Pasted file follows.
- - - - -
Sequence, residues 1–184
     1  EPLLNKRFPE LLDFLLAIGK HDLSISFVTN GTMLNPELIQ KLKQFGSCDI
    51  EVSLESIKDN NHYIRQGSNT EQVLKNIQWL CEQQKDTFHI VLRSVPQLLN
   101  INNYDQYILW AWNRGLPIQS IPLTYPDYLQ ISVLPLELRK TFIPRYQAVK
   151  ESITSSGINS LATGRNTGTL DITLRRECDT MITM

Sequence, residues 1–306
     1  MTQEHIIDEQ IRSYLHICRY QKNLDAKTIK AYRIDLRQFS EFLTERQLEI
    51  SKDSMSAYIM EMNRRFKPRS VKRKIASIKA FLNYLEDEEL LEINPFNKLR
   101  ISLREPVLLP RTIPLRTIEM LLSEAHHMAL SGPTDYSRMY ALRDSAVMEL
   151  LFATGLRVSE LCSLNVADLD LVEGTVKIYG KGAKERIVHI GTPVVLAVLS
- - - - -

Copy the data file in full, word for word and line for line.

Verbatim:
Sequence, residues 1–184
     1  EPLLNKRFPE LLDFLLAIGK HDLSISFVTN GTMLNPELIQ KLKQFGSCDI
    51  EVSLESIKDN NHYIRQGSNT EQVLKNIQWL CEQQKDTFHI VLRSVPQLLN
   101  INNYDQYILW AWNRGLPIQS IPLTYPDYLQ ISVLPLELRK TFIPRYQAVK
   151  ESITSSGINS LATGRNTGTL DITLRRECDT MITM

Sequence, residues 1–306
     1  MTQEHIIDEQ IRSYLHICRY QKNLDAKTIK AYRIDLRQFS EFLTERQLEI
    51  SKDSMSAYIM EMNRRFKPRS VKRKIASIKA FLNYLEDEEL LEINPFNKLR
   101  ISLREPVLLP RTIPLRTIEM LLSEAHHMAL SGPTDYSRMY ALRDSAVMEL
   151  LFATGLRVSE LCSLNVADLD LVEGTVKIYG KGAKERIVHI GTPVVLAVLS